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Why Is There No Law in Slab City

If my life ever turns completely crap and I manage to get on SSDI, I`d probably get my hands on an old bus and lug it there and just be a full-time crazy guy. Hit wood, it will never come to that! However, emergency services in surrounding cities will respond to emergencies in Slab City. The town of Perma-Burning Man was once a U.S. Navy camp. However, the abandoned land, located about 140 miles east of San Diego, is now a refuge for lawlessness. No one pays rent. No one enforces the rules. That evening, there was a concert in the Range, the famous open stage in the middle. We had passed earlier that day on our way in, but we hadn`t even noticed.

At night, it comes alive, with mainly local artists, but also one or another well-known group here and there. Local bands played that night. Some good, some not so good, some absolutely terrible. But that wasn`t the goal, it was the small audience that supported all those who dared to get on this stage and perform. You drink your beer, smoke your stuff and applaud. Always. As I sat on one of these wooden benches, I wondered what it was like in winter with thousands of people. Under the unforgiving sun of the Colorado desert in Southern California lies Slab City, a community of squatters, artists, snowbirds, migrants, survivalists and homeless people. Described by some as the “last free place” and by others as an “enclave of anarchy,” Slab City is also the end of the street for many.

Without electricity, running water, sewage or garbage collection, the people of Slab City live without law enforcement, taxes or administration. Built on the concrete slabs of Camp Dunlap, an abandoned naval training base, the colony maintains its off-grid aspirations within the remaining military boundaries and the site`s gridded layout. The off-grid is really in the network. In this book, architect Charlie Hailey and photographer Donovan Wylie explore the contradictions of Slab City. I`ve never been there, but there was a Reddit thread a while ago where a guy decided to go and people tried to steal his stuff and he was chased by people. So yes, there is crime in Slab City and I`m sure there are people who have done bad things in their lives. But did you feel unsafe? For me, that wasn`t the case for the short time we were there. In the words of a longtime slabber: Hailey: Since Slab City was a relatively large military facility, I`m impressed with the size of the infrastructure.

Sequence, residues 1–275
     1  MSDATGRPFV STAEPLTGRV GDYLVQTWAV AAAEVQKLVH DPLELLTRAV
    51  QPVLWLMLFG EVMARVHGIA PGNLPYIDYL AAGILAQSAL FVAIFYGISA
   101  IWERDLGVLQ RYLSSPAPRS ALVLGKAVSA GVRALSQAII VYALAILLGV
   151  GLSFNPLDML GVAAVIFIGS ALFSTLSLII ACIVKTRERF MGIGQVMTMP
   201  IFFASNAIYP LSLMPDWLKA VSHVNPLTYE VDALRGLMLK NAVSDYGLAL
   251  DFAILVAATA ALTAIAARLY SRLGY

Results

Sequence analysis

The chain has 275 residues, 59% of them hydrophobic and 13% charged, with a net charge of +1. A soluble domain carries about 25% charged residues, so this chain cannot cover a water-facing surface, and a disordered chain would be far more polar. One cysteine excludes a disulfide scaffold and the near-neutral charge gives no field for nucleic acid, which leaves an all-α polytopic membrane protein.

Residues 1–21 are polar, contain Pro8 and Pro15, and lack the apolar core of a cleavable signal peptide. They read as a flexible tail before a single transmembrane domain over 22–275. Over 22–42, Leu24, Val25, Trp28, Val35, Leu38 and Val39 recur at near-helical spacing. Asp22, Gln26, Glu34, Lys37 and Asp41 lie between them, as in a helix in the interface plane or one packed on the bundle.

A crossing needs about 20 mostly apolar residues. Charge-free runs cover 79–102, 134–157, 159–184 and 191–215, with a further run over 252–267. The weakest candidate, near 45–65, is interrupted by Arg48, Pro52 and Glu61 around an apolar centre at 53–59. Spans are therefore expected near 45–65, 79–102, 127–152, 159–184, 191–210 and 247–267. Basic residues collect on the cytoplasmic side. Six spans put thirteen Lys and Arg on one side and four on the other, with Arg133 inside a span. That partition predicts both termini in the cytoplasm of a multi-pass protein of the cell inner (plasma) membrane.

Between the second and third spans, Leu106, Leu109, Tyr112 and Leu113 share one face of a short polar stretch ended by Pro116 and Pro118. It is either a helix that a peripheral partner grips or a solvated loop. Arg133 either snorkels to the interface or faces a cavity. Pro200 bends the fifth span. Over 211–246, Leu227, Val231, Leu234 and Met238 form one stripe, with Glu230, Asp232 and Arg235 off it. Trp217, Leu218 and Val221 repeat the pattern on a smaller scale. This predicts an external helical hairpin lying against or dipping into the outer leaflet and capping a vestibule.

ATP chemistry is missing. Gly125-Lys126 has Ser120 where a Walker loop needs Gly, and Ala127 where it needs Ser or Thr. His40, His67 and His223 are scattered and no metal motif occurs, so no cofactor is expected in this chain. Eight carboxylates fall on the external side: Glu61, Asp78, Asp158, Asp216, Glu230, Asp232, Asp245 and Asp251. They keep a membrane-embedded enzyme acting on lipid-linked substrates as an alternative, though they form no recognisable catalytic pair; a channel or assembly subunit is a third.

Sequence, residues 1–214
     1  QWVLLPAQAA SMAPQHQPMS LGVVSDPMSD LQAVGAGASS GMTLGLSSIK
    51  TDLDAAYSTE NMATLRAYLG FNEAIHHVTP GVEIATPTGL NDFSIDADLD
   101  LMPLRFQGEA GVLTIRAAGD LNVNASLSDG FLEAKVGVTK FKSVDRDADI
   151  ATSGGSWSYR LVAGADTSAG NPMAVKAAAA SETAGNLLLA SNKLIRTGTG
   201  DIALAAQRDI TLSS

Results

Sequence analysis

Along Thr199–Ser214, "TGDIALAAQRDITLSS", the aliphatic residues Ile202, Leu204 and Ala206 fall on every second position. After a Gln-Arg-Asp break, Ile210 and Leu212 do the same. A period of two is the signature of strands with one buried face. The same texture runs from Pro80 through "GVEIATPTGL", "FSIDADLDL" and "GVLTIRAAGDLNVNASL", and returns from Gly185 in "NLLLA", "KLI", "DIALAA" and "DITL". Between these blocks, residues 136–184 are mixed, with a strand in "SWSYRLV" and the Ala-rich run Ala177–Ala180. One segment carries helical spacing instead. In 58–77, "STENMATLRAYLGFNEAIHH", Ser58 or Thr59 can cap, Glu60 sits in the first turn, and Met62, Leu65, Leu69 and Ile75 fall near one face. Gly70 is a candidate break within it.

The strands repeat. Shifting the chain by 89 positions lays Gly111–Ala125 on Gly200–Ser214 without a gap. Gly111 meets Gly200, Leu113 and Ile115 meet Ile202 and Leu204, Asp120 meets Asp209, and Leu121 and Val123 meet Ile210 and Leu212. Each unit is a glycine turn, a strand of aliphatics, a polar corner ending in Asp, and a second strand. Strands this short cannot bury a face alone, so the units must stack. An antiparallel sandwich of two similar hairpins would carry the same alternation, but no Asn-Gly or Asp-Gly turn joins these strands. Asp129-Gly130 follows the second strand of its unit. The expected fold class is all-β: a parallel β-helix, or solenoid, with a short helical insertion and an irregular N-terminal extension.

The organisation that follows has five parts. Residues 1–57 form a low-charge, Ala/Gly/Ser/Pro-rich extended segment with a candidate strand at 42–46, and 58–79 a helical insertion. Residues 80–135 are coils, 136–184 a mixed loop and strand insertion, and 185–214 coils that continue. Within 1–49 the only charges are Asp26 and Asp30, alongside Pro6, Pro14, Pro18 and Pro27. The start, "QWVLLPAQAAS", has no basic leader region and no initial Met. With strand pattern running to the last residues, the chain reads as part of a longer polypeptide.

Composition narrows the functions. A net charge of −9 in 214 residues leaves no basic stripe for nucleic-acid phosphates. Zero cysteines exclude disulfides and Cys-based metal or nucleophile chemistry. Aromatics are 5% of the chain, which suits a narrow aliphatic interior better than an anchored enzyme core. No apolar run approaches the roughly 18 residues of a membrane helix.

Although it no longer functions as a base, the infrastructure of a functional city is still there – or at least some of the remnants – and yet it is completely off-grid in almost every aspect of services, but [the layout] is a grid. Ultimately, the plates themselves are the autonomous infrastructure that gave it its name. We were fascinated by the idea of concrete on sand. Concrete is architecturally durable, and yet [the slabs] float on the sand. These are really invitations to the Rules of Procedure. They provide a floor and add some stability to an incredibly ephemeral place. Here is another accidental discovery in the city. I think that really sums up how you can do almost anything you want here. It`s an amazing place for artists to make art for art`s sake.